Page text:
Significance and Use
4.1 A-UGVs navigate, dock, or perform other tasks, or combinations thereof, within for example manufacturing, warehouse, hospital, and other environments. Objects (defined in Terminology as anything in the environment that is not infrastructure) and obstacles (defined in Terminology as static or moving objects that obstruct the intended movement) are common within these environments. Objects can cause A-UGV challenges in navigation, docking, etc. (see Test Method , Guide ) where the object detection systems must provide the highest level of performance to allow safe and productive vehicle use. ASTM Committee F45 surveyed the A-UGV community of manufacturers, users, and researchers, and determined that a relatively short list of objects are the most common objects that their vehicles must detect and avoid. Additionally, ANSI/ITSDF B56.5 includes three test pieces that represent (1) the human body torso lying horizontally and (2) standing human leg, both with worst case, flat black coatings, and (3) flat objects (for example, boxes, doors, manufactured materials), including a worst case, highly (optically) reflective coating. The survey results are listed here and are considered example objects found in warehousing/manufacturing, healthcare, domestic, and retail environments:
4.1.1 Pallets, racking, wheeled carts;
4.1.2 Other A-UGVs or AMRs;
4.1.3 Steps or stairs;
4.1.4 Tables or desks, ladders;
4.1.5 Cables or hoses, or both;
4.1.6 Chairs, overhangs (that is, on objects);
4.1.7 IV poles; and
4.1.8 Forklifts/forklift tines.
As some objects may not be cost-effectively available for only A-UGV object detection tests (for example,, , and ), the remaining objects are potentially more cost-effective as objects and are described in this guide as the standard set of objects.
4.2 The objects can vary greatly within their category. For example, pallets can be made of wood, plastic, or metal; have a variety of dimensions; can have wheels or no wheels on the bottom; are not coated or coated with varying reflective coatings. As such, the standard objects set provided in this guide describes a specific set of objects and characteristics that are highly repeatable across their users.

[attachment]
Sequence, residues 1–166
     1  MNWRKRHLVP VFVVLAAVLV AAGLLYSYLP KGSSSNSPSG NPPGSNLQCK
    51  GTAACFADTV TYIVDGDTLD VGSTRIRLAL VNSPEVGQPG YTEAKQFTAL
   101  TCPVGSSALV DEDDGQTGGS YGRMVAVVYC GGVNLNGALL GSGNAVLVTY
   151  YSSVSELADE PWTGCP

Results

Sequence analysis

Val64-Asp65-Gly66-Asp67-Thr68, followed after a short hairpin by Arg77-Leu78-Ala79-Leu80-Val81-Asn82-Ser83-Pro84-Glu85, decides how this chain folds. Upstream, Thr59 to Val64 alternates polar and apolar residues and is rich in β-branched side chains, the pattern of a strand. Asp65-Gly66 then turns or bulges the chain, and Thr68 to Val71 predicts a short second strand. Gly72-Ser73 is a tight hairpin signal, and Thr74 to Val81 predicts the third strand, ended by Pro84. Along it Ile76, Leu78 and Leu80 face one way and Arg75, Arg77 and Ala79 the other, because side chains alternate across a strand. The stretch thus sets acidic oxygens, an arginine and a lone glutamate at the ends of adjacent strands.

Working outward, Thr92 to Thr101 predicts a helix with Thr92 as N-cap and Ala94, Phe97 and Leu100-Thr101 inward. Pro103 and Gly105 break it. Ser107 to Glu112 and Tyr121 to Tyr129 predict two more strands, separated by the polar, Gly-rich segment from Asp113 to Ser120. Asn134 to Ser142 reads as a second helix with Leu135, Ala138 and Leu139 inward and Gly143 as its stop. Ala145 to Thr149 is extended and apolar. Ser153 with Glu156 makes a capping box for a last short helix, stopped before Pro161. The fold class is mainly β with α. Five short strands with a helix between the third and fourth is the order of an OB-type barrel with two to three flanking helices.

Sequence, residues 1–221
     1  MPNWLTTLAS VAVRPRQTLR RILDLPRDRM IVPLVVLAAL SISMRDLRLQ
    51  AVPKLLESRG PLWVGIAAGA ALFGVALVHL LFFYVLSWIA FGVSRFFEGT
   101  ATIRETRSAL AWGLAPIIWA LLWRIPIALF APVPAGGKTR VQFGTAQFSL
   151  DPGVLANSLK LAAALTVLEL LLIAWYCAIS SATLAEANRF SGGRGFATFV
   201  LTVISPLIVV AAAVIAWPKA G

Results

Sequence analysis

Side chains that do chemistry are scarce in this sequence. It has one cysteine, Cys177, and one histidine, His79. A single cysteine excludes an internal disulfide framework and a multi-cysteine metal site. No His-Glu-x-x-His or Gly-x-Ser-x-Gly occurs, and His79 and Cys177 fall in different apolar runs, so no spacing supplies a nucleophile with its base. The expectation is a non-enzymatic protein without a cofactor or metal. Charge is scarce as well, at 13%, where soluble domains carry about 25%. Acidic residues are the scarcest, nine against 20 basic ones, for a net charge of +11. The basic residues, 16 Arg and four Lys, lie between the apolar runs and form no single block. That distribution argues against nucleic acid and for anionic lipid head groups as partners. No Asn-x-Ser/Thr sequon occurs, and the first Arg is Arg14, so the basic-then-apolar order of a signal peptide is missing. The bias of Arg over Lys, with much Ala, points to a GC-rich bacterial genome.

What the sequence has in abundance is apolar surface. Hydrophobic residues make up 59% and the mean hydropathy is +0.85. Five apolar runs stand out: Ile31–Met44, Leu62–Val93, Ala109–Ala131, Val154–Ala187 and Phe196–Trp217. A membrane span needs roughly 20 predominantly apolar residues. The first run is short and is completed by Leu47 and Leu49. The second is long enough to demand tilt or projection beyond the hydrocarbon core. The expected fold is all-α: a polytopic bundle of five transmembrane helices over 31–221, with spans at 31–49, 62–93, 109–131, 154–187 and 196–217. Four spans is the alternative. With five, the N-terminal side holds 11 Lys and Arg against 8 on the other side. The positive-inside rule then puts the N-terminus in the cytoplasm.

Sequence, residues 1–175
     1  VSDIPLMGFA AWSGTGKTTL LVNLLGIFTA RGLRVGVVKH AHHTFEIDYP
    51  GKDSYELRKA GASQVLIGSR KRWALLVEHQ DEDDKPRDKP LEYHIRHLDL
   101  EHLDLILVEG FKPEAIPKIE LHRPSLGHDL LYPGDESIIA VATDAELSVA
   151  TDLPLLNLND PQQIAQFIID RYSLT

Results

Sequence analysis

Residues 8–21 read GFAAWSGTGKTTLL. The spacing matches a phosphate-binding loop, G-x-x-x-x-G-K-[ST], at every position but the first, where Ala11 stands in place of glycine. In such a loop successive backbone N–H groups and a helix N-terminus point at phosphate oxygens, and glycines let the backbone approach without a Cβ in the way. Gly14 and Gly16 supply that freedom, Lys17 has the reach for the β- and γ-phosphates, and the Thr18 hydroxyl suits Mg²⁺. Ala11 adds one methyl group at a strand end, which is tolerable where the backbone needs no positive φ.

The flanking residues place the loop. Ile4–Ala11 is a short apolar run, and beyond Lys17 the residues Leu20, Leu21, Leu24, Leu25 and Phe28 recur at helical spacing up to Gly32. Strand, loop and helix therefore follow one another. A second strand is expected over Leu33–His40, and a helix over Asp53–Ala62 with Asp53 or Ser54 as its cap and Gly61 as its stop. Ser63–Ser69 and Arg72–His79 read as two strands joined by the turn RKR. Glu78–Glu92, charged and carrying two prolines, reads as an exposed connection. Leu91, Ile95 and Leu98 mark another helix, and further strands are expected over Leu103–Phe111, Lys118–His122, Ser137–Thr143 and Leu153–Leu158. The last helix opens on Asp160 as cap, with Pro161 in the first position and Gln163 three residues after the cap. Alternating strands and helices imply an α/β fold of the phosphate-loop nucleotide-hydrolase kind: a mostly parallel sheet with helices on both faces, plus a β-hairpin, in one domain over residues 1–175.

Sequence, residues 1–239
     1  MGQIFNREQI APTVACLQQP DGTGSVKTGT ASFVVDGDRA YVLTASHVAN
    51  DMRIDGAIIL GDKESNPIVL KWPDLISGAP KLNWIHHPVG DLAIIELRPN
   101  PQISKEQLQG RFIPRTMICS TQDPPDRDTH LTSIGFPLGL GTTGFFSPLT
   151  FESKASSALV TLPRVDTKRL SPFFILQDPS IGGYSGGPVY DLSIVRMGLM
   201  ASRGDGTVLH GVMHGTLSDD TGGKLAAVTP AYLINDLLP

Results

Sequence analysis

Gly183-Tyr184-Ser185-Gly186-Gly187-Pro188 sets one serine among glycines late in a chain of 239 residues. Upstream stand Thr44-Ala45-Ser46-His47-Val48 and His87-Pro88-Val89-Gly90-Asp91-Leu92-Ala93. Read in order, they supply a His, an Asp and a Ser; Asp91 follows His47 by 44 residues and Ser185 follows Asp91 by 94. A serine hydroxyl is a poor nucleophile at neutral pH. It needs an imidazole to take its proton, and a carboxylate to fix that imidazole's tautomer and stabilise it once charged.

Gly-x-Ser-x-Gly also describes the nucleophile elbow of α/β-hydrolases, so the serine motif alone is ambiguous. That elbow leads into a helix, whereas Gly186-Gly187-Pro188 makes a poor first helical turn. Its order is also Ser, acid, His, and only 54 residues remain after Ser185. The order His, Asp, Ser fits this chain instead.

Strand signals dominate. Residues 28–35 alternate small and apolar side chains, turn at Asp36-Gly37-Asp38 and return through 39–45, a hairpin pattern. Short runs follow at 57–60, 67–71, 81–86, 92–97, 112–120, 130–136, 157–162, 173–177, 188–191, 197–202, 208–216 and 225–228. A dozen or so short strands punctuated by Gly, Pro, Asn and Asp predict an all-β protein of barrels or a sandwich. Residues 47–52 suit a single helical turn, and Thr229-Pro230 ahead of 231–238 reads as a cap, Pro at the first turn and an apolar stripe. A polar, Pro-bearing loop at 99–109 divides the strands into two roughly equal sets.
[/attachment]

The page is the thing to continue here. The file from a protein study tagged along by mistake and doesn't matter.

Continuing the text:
4.3 The number of objects within the set is expected to increase as A-UGVs improve in capabilities and intelligence, and therefore, where A-UGV implementations expand.
1.1 This standard guide provides a standard set of reference objects for use with automatic, automated, or autonomous unmanned ground vehicles (A-UGVs). The objects set includes typical objects found within industrial areas including, but not limited to: warehouses, hospitals, office spaces, and manufacturing facilities. Also, the objects set includes three test pieces from ANSI/ITSDF B56.5. The objects set is intended for use by A-UGV manufacturers and users to test the performance of A-UGVs when near the object(s). The objects set is minimized to include characteristics that have proven to cause interrupted A-UGV operation. Beyond this set of objects, Test Method is used to record most any object.
1.2 The objects set contains one each of the following items: pallet, racking, ladder, cable cover, table, cart, intravenous (IV) pole, chair, forklift tines, and test pieces shown in ANSI/ITSDF B56.5, including a horizontal cylinder, vertical cylinder, and flat plate. The objects set is not intended to be exhaustive.
1.3 It is intended that the objects set mainly includes off-the-shelf items. This standard guide provides a reporting method to provide obstacle information (for example, model, serial number, photograph) to allow obstacle use for exact replication of tests.
1.4 The values stated in SI units are to be regarded as the standard. The values given in parentheses are not precise mathematical conversion to imperial units. They are close approximate equivalents for the purpose of specifying material dimensions or quantities that are readily available to avoid excessive fabrication costs of test apparatuses while maintaining repeatability and reproducibility of the test method results. These values given in parentheses are provided for information only and are not considered standard.
1.5 This standard does not purport to address all of the safety concerns, if any, associated with its use. It is the responsibility of the user of this standard to establish appropriate safety, health, and environmental practices and determine the applicability of regulatory limitations prior to use.
1.6 This international standard was developed in accordance with internationally recognized principles on standardization established in the Decision on Principles for the Development of International Standards, Guides and Recommendations issued by the World Trade Organization Technical Barriers to Trade (TBT) Committee.